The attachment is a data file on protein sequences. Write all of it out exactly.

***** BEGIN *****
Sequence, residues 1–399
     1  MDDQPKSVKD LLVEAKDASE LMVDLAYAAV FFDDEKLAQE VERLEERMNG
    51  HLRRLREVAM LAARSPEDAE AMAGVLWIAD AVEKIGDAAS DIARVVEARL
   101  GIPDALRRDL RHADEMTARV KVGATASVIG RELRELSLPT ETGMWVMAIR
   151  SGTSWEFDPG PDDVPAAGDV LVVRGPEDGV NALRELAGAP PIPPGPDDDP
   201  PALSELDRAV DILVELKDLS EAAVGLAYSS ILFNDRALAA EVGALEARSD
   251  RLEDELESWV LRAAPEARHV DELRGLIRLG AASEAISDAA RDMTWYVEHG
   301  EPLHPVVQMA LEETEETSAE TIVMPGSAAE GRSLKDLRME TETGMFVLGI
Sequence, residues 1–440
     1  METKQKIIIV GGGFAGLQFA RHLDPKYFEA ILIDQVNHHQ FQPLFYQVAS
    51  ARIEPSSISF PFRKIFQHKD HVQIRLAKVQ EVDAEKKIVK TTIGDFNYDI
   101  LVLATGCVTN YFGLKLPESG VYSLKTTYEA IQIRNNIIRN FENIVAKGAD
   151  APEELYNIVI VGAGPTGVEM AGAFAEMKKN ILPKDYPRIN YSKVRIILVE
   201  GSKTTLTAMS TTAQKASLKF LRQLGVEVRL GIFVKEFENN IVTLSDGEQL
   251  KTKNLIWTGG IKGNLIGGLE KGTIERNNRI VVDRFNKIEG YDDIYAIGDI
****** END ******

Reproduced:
Sequence, residues 1–399
     1  MDDQPKSVKD LLVEAKDASE LMVDLAYAAV FFDDEKLAQE VERLEERMNG
    51  HLRRLREVAM LAARSPEDAE AMAGVLWIAD AVEKIGDAAS DIARVVEARL
   101  GIPDALRRDL RHADEMTARV KVGATASVIG RELRELSLPT ETGMWVMAIR
   151  SGTSWEFDPG PDDVPAAGDV LVVRGPEDGV NALRELAGAP PIPPGPDDDP
   201  PALSELDRAV DILVELKDLS EAAVGLAYSS ILFNDRALAA EVGALEARSD
   251  RLEDELESWV LRAAPEARHV DELRGLIRLG AASEAISDAA RDMTWYVEHG
   301  EPLHPVVQMA LEETEETSAE TIVMPGSAAE GRSLKDLRME TETGMFVLGI
Sequence, residues 1–440
     1  METKQKIIIV GGGFAGLQFA RHLDPKYFEA ILIDQVNHHQ FQPLFYQVAS
    51  ARIEPSSISF PFRKIFQHKD HVQIRLAKVQ EVDAEKKIVK TTIGDFNYDI
   101  LVLATGCVTN YFGLKLPESG VYSLKTTYEA IQIRNNIIRN FENIVAKGAD
   151  APEELYNIVI VGAGPTGVEM AGAFAEMKKN ILPKDYPRIN YSKVRIILVE
   201  GSKTTLTAMS TTAQKASLKF LRQLGVEVRL GIFVKEFENN IVTLSDGEQL
   251  KTKNLIWTGG IKGNLIGGLE KGTIERNNRI VVDRFNKIEG YDDIYAIGDI